• Me the first week of December, drained and adrift. Decided I wanted to indulge in something different. Remembered a book of literary criticism I’d purchased 13 years ago that might be perfect. God and the American Writer offered fascinating insights into the works of Hawthorne, Melville, Faulkner, Dickinson, Eliot and many other American authors, as well as how God has remained a constant character within our greatest fiction. Good stuff. Exactly what I needed.

Parents and singles who bring 500 channels and millions of web sites into their homes, but offer little tangible proof that reading matters only do themselves and their God a disservice. (Sorry folks, but we’re people of the Word. That’ll never change.)

I know physical books are expensive (e-books are solving some of that problem), but they remain amazing resources for anyone seeking solace, refreshment, and intellectual stimulation. When you don’t know what you’re going to read, you run your finger along the bookshelf until you (re)discover an unrealized treasure. Don’t fret if you still haven’t read that fascinating title or much-lauded classic on your shelf. If you listen, it’ll be calling your name soon enough.

Thursday, December 23, 2010

Appendix A: 2010's Personal Reading List

How many books did you read this year?

Stephen Covey (7 Habits of Highly Effective People) said he read a book a week, that if you start tracking your readings, you can build up from a book a month until you will also read a (real) book every week. I didn’t believe him, but decided to try it. It works.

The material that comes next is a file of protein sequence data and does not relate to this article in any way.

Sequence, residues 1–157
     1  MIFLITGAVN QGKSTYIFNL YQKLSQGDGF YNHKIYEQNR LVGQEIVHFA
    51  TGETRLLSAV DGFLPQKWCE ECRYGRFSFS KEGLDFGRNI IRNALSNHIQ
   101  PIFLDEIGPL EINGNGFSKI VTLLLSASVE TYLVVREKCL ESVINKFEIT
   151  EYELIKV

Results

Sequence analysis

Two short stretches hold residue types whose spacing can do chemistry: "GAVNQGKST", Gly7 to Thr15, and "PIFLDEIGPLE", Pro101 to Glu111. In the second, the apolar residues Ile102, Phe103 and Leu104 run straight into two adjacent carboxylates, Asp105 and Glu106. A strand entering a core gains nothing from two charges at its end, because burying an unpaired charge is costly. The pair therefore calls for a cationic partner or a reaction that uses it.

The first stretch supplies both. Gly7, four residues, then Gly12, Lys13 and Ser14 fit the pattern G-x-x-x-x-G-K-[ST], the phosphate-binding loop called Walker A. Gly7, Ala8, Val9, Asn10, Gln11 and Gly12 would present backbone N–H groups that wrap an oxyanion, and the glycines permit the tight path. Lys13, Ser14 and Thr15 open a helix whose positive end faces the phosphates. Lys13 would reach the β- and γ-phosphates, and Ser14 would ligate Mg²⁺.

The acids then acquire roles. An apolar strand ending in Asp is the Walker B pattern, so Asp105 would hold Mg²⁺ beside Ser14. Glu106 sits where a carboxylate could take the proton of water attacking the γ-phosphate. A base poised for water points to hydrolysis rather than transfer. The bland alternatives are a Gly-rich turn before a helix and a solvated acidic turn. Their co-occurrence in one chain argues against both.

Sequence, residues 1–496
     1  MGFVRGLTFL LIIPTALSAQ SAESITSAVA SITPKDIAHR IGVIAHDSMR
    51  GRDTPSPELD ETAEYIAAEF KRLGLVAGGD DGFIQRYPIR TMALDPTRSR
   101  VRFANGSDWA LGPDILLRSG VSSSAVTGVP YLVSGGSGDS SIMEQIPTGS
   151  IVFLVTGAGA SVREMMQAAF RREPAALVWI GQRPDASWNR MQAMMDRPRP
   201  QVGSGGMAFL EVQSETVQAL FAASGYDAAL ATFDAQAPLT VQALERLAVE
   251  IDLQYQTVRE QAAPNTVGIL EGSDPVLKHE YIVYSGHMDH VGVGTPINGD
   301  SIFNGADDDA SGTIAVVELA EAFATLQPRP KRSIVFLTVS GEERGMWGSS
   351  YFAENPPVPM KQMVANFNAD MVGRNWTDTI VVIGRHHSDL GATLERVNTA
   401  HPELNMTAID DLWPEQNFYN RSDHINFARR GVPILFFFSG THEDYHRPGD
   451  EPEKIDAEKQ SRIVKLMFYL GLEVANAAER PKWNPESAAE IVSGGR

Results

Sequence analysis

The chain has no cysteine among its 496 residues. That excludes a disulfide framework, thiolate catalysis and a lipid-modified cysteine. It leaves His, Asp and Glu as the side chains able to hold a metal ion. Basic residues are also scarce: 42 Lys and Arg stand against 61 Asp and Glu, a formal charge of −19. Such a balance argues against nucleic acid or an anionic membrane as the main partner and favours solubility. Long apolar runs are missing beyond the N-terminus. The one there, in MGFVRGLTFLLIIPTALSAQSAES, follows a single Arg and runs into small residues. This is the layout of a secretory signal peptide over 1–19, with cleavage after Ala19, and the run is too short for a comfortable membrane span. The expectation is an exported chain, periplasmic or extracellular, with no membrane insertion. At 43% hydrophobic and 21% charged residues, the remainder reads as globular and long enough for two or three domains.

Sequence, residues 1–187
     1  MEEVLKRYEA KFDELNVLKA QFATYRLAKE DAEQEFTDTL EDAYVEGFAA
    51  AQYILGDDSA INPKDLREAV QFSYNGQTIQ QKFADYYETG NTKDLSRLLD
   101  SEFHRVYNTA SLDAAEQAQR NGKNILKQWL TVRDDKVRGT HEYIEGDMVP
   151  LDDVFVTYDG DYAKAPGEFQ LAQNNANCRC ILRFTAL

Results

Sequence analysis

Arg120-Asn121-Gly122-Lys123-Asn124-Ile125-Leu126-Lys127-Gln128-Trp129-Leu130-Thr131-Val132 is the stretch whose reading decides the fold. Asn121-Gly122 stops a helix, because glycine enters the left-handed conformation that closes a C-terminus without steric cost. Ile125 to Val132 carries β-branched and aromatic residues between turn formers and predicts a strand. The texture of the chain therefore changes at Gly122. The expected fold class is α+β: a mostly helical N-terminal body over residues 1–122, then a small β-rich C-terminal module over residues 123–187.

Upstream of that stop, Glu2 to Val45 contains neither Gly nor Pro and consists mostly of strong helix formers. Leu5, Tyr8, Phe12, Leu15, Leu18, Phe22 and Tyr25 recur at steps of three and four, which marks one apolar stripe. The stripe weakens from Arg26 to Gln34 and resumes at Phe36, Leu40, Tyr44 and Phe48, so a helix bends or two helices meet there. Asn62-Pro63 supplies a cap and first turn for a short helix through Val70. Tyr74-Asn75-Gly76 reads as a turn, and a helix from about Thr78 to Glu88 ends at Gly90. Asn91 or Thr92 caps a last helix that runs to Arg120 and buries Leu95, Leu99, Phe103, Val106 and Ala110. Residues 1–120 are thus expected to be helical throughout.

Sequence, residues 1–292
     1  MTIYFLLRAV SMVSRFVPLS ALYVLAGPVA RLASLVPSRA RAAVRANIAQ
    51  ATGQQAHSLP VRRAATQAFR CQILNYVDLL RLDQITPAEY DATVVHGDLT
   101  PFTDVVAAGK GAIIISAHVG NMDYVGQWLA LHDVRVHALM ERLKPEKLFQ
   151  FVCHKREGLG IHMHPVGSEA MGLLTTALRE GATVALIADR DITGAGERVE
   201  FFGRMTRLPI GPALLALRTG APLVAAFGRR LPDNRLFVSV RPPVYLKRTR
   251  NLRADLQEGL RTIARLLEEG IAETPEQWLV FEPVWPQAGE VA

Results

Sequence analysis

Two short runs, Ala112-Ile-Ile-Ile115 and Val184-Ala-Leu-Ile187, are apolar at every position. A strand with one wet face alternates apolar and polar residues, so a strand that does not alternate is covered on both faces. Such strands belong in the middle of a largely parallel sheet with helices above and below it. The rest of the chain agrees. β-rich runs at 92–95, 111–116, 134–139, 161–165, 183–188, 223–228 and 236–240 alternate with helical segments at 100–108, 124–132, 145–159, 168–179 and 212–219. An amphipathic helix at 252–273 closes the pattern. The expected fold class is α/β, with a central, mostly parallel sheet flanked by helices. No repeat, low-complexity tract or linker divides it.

I can’t do it without audio books (21 this year, but often it's higher), but I’m going to hit 60 by next week. They’re not all doorstops, but my personal baseline is 100 pages. Anything less than that is a short story (35 this year) on my list.

Favorites this year include (in no particular order):

Hadrian and the Triumph of Rome by Anthony Everett, Good to Great by Jim Collins, For the Beauty of the Church by W. David O. Taylor (Editor), Culture Making: Recovering Our Creative Calling by Andy Crouch, The Maltese Falcon by Dashiell Hammett, The Emotionally Healthy Church by Peter Scazzero

If you don’t track your reading, you need to try it. Not to induce guilt, but to trigger memories of where and when you read it. It’s fun to see what the themes of your year might have been, as well as any notable accomplishments

Tuesday, December 21, 2010

Appendix A: More on Rossetti's Bleak Midwinter

Having recently considered Christina Rossetti's carol, "In the Bleak Midwinter," I was interested to read Sara's observations on the same over at Transpositions:
And while [Annie]Lennox might want to strip away the ‘religiosity’ of the hymns she covers, one cannot ignore the theological implications that Rosetti is addressing in this hymn and the resulting reminder of what the Christmas season prepares us to receive.